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Wednesday 6 December 2023 Dublin: 4°C
Sam Boal/Photocall Ireland Michael Noonan said a No vote would make this year's Budget "dramatically more difficult" - a move attacked by Sinn Féín.
Michael Noonan

Noonan warns: Budget 2013 will be harsher if Ireland votes No

The finance minister says next year’s Budget will be “dramatically more difficult” – prompting scorn from opposition parties.

Updated, 16:26

THE MINISTER FOR FINANCE has warned that next year’s Budget will be “dramatically more difficult” if Ireland votes No in the referendum on the fiscal compact.

Speaking on his way to this morning’s Cabinet meeting, Michael Noonan said rejection of the treaty would result in Ireland being barred from accessing most backup forms of funding.

“It’s very clear on this treaty that only those countries who ratify it will have access to ESM funds, and there are no other funds,” Noonan said in remarks broadcast by RTÉ News.

If there’s a No vote, the Budget I’ll be planning for later in the year will be dramatically more difficult than if there’s a Yes vote.

The minister added that people should not vote No thinking that doing so would avoid further spending tax cuts and spending increases, when in fact “a No vote will do the opposite”.

The remarks were attacked by opposition parties, with Sinn Féin’s Mary Lou McDonald accusing Noonan of threatening voters.

“This is an outrageous comment for the minister to make,” McDonald said.

The Government has repeatedly said that the Austerity Treaty would have no impact on the Irish economy until after we exit the current Troika austerity programme in 2015, yet this morning the Minister for Finance said he would make December’s Budget ‘dramatically more difficult’.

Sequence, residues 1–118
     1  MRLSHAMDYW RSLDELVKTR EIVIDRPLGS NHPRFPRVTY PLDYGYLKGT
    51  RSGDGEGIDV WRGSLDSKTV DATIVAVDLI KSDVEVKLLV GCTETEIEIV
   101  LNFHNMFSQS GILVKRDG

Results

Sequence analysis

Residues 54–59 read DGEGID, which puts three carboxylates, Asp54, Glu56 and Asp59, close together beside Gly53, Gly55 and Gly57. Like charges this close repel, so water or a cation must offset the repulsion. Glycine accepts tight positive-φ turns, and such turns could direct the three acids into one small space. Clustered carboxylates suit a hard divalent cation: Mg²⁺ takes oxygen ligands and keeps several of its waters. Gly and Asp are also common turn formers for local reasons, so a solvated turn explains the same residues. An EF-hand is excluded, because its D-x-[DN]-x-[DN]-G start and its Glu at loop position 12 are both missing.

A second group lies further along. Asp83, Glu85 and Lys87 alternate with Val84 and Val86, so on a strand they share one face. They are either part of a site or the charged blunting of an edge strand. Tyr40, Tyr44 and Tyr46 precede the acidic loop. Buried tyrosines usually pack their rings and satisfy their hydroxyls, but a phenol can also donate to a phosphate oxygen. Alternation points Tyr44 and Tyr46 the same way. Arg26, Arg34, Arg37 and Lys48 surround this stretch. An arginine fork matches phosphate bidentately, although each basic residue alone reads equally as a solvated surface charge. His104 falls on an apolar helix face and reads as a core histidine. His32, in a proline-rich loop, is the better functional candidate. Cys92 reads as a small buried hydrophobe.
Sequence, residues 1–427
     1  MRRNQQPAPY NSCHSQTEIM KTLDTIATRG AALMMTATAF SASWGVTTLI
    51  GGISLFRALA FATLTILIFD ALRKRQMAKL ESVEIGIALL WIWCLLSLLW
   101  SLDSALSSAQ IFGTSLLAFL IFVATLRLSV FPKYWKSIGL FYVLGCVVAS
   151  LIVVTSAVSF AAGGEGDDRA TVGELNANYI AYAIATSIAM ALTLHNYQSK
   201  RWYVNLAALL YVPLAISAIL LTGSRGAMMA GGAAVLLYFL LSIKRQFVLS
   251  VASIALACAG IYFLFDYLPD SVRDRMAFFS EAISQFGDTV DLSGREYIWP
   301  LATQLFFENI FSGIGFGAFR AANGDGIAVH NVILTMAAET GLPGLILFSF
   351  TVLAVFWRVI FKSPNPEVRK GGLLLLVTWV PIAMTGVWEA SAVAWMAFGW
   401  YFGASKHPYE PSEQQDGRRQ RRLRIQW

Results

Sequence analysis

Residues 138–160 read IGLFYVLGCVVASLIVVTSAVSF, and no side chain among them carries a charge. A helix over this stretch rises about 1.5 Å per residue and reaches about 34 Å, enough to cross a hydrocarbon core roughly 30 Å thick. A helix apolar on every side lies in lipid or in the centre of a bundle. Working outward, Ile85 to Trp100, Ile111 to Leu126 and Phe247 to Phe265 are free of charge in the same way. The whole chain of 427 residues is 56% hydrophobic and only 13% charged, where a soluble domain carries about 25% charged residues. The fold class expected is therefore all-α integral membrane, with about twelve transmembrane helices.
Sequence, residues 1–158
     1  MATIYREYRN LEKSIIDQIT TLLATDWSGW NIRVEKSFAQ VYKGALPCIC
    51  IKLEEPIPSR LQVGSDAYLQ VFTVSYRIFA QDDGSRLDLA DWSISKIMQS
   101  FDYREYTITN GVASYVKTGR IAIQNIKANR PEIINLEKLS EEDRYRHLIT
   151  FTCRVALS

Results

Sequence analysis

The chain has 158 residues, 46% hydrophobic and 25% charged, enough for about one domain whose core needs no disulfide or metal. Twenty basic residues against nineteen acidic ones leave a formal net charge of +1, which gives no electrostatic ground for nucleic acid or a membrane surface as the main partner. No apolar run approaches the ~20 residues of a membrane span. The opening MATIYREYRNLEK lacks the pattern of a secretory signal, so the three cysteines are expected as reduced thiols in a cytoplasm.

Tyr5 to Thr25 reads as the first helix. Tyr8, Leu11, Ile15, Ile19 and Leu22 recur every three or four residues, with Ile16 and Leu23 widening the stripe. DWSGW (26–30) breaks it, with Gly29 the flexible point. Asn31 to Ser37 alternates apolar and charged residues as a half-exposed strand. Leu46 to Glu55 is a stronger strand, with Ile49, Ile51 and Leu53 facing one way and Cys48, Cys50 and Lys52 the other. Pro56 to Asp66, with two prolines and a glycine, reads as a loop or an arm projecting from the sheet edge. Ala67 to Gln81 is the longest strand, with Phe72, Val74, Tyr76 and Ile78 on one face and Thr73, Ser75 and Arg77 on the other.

McDonald accused Noonan of displaying “cheek” to the public give the impact of the current government’s policies to date.

“People should not be bullied by the Government. They should assess the Austerity Treaty on its content and implications for Ireland, and on May 31st vote accordingly.”

Fianna Fáil’s Michael McGrath said the comments were “unhelpful” to the Yes campaign, saying the Irish public were already fully aware of how the Budget deficit needed to be closed.

“There is nothing positive to be gained in trying to frighten people into a Yes vote. The Minister and his Government colleagues would be far better employed selling the merits of the Treaty to people rather than playing on their fears,” McGrath said, adding:

The people will not be endeared to the Yes side by comments such as those from Minister Noonan today.

Read: TV3 confirms line-up for Vincent Browne’s referendum debate

More: You have two days to register for a referendum postal vote

Translated: The Fiscal Compact rewritten in layman’s terms

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